A few years back, a newspaper article described a Nebraska couple who threw a dart at a map to decide where to vacation next. While that may be an interesting concept for travel adventures, it may not be the best technique for deciding where to plant a new congregation — or where to open a satellite campus for your seminary.
For serious decision making, you need reliable and appropriate information. Enter the Association of Religion Data Archives (ARDA).
Since 1997, the ARDA has been gathering statistics, research, and other information from the foremost religion scholars and research centers around the world and providing that information online.
The best part: no darts required. The website, www.thearda.com, is free to everyone, courtesy of funding from Lilly Endowment Inc., the John Templeton Foundation, Chapman University, and The Pennsylvania State University, where the ARDA is housed.
For example: Say you’re a leader at a denominational school, and enrollment has been flat over the last few years. You’re considering a partnership with a local college of your own denomination, consolidating with a seminary in another state, or maybe closing your doors. How do you get the data you need to make such an important decision?
The ARDA may be one place. With a few clicks of the mouse, you can locate pockets of your constituents, identify populations to serve more effectively, and determine the religious makeup of a particular geographic region. You also can check out whether a denomination with which you are considering a partnership is growing or declining in a specific geographic region.
Using all this data, the ARDA has developed features for educators, journalists, religious congregations, and researchers. You can access the regular “Faith Communities Today” and “U.S. Congregational Life” surveys, along with various “National Studies of Youth and Religion.”
Interested? Follow along below and begin the journey of discovering more about your community. Here we are highlighting the Community Profile Builder, which allows users to compile data on a selected area. Within seconds, users can explore social and economic data on that region.
Step 1 Opening your browser, go to thearda.com/DemographicMap. Enter any ZIP Code, city and state, or complete address in the box. Then, click Go!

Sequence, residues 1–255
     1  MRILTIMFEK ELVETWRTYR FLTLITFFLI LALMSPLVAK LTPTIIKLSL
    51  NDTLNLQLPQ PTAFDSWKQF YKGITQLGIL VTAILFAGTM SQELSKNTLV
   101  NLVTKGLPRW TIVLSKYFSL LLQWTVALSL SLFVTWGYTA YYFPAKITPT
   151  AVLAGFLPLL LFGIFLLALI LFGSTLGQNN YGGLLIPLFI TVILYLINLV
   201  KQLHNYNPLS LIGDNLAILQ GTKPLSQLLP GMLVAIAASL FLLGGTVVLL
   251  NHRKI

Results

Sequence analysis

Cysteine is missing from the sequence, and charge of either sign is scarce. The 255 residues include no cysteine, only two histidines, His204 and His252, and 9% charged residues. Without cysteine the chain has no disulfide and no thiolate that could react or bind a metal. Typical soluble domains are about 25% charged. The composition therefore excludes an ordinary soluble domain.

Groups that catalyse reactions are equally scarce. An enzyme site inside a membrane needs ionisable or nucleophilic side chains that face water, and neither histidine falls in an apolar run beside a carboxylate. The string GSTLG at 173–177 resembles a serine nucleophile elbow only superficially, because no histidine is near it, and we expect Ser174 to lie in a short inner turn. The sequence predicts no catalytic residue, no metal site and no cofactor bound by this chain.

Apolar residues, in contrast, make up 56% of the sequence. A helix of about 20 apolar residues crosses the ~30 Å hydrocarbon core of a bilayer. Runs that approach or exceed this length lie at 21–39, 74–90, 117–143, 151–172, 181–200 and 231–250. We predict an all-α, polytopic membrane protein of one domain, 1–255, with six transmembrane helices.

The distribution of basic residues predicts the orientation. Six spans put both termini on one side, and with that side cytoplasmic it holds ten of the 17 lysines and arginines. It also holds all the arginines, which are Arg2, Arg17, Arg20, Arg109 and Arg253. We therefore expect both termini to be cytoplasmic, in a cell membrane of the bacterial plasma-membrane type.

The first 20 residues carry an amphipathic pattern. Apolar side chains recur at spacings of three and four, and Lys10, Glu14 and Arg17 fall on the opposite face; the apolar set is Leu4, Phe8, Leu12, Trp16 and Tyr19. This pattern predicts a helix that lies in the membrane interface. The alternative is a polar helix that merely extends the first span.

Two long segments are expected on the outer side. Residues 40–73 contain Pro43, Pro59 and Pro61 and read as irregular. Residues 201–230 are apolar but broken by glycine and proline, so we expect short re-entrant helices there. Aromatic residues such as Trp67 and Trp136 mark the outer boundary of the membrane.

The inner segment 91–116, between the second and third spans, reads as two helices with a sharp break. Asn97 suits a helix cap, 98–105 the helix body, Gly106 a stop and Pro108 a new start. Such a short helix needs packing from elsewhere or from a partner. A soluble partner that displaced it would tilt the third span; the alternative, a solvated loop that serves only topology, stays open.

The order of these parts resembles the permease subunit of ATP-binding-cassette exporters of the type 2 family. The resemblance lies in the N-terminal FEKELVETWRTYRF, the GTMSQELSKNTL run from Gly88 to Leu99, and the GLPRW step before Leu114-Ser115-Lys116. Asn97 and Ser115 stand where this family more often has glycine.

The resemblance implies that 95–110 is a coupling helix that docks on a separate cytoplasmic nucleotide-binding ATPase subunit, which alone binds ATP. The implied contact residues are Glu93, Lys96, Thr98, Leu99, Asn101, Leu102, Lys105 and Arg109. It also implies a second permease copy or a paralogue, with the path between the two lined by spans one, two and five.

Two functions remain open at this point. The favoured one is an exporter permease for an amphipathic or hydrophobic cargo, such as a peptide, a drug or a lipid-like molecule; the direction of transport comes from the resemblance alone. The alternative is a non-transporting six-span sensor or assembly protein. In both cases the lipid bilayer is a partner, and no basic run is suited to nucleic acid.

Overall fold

Step 2 The map shows all of the religious congregations serving in the chosen area. In the right-most column, enter a desired radius. This tells the Profile Builder from which area to gather data. It collects data from every census block group in the United States that the radius touches.
Step 3 Click on the map to set the center point for the radius.
Step 4 Click the Profile button. You now have your ARDA Community Profile.
Step 5 The top tabs allow you to explore a wealth of data for your chosen area, including Religion, Housing, Income, Gender/Age, Education, Family, and Race/Ethnicity.
For example, under the Religion tab you can find the percent change from 2000 to 2010 for every religious group in this area.
Step 6 Under the “Income” tab, scroll down to see how many residents in this area are at each income level — helpful information for planning a fundraising or outreach event. Under the “Education” tab, you can learn how many residents in the area have bachelor’s or master’s degrees, and how many have high school diplomas — useful if you’re thinking of opening an extension site.
In fact, this free resource can help you find the answers to a number of strategic questions about your own location or other places of interest. It can be especially useful in determining where to invest resources. For example, “Should we make a fundraising visit to Raleigh or Greensboro? How many high-income people live in each of these metro areas?” Or, “Would it be better to host a recruiting event in Toledo, Cincinnati, or Akron? How many churches of our denomination are within a 100-mile radius of each spot, and how many college graduates are within each radius?”
If you have questions about the information you’ve discovered, send your request to firstname.lastname@example.org.
Article from: New Year 2018